Non-ad valorem assessments on property are a fiscal innovation born from financial stress. Unable to raise property taxes due to limitations, many localities have turned to these charges as an alternative method to fund local services. In this paper, we seek to explain differential levels of non-ad valorem assessment financing through the analysis of property tax records of a large and diverse set of single family homes in California. We theorize that assessments, as opposed to other forms of taxation, will be used when residents hold anti-redistributive preferences. We show that assessment financing is most common in cities with high median household incomes and greater ethnic diversity. We also show that certain types of assessments, those with narrow geographic range, are frequently levied on expensive homes in poorer communities. We argue that this new form of financing exacerbates economic inequality by creating additional inequities in public service provisions.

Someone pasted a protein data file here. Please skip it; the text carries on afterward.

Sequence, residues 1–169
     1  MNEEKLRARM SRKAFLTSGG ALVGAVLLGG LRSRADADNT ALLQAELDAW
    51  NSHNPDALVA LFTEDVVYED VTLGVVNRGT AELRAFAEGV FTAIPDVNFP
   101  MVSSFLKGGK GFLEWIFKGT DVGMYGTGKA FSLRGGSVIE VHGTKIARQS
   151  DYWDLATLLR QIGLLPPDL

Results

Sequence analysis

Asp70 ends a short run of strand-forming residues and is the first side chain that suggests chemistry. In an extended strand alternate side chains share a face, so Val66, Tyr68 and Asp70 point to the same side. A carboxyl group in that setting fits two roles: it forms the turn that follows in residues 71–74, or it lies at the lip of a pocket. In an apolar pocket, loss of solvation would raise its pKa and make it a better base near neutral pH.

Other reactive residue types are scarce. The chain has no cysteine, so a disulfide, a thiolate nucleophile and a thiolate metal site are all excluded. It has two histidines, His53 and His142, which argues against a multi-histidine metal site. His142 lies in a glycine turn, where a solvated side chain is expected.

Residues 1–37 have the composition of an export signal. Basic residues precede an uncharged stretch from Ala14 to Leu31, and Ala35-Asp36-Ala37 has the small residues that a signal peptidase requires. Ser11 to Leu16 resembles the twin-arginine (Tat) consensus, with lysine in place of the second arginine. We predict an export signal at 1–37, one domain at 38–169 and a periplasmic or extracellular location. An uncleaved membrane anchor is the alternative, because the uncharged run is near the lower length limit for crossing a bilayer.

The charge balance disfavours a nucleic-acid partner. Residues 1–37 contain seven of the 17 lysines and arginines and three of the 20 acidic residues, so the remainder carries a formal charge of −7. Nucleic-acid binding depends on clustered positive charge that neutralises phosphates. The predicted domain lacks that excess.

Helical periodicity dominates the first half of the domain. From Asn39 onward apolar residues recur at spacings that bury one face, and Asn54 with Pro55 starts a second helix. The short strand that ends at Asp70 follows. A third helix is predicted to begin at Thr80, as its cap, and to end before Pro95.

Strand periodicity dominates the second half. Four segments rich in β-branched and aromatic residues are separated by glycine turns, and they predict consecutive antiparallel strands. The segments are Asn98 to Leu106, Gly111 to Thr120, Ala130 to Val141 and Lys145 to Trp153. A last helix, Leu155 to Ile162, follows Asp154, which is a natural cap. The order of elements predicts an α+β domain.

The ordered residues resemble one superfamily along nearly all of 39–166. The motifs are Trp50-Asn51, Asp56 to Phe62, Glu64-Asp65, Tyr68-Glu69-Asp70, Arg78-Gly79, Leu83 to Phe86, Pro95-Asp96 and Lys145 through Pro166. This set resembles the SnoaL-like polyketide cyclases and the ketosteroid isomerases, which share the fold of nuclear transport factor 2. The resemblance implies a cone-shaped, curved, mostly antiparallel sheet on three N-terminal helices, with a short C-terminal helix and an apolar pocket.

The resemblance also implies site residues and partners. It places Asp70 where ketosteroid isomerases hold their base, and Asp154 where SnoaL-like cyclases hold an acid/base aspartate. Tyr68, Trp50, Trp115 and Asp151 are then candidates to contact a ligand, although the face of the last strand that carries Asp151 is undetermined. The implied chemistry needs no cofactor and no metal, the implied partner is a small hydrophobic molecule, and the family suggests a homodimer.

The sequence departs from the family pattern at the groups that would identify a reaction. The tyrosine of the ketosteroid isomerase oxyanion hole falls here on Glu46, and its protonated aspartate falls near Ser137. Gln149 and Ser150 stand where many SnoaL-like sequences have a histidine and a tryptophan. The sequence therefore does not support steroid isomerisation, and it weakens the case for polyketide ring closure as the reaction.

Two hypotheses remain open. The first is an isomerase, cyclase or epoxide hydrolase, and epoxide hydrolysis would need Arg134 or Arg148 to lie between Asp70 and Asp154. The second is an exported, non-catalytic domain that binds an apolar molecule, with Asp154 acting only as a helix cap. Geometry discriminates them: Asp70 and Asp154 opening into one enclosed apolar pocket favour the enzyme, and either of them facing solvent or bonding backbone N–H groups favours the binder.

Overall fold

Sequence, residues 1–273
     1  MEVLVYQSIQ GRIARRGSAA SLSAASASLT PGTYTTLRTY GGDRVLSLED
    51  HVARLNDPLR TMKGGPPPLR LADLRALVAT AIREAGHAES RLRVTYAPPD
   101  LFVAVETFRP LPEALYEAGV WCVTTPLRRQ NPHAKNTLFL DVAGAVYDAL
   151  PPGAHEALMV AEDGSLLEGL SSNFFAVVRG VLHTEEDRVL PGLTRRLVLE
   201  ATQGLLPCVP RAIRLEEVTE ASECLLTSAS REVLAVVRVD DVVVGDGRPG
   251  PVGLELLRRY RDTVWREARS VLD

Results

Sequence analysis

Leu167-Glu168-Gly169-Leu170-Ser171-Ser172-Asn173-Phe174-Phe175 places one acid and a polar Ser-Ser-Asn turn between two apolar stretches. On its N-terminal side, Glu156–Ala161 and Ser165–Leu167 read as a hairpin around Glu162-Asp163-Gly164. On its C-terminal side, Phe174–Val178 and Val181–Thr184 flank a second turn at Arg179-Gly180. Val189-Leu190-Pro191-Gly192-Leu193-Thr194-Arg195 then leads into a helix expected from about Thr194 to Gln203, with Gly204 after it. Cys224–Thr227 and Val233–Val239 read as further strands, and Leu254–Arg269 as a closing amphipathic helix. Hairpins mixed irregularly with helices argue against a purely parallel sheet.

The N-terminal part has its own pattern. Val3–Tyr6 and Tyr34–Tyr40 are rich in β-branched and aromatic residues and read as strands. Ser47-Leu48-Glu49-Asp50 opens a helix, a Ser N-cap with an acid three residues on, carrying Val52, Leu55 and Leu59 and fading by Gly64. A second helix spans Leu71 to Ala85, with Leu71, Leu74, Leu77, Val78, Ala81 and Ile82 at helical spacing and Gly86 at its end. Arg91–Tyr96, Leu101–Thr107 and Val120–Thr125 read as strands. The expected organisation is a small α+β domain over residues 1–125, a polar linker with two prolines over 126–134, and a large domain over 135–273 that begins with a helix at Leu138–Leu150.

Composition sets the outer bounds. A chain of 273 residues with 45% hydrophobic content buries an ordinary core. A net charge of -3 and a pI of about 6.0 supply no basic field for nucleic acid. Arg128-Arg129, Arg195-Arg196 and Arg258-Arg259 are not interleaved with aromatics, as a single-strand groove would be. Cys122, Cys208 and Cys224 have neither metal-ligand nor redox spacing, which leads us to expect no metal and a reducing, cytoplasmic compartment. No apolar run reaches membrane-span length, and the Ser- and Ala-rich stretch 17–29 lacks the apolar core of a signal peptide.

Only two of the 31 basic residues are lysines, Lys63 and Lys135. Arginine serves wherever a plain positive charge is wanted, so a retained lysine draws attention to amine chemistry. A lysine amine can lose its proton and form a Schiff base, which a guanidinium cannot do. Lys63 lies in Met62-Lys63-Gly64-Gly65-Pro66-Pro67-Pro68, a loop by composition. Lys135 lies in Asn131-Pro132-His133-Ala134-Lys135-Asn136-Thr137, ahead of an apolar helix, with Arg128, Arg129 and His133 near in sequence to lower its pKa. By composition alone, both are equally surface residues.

Mathew D. McCubbins & Ellen C. Seljan, Neighborhoods by Assessment: An Analysis of Non-Ad Valorem Financing In California (June 12, 2016)
Library of Congress Subject Headings
Tax assessment, California, Real property tax, Taxation--Benefit theory, Equality--Economic aspects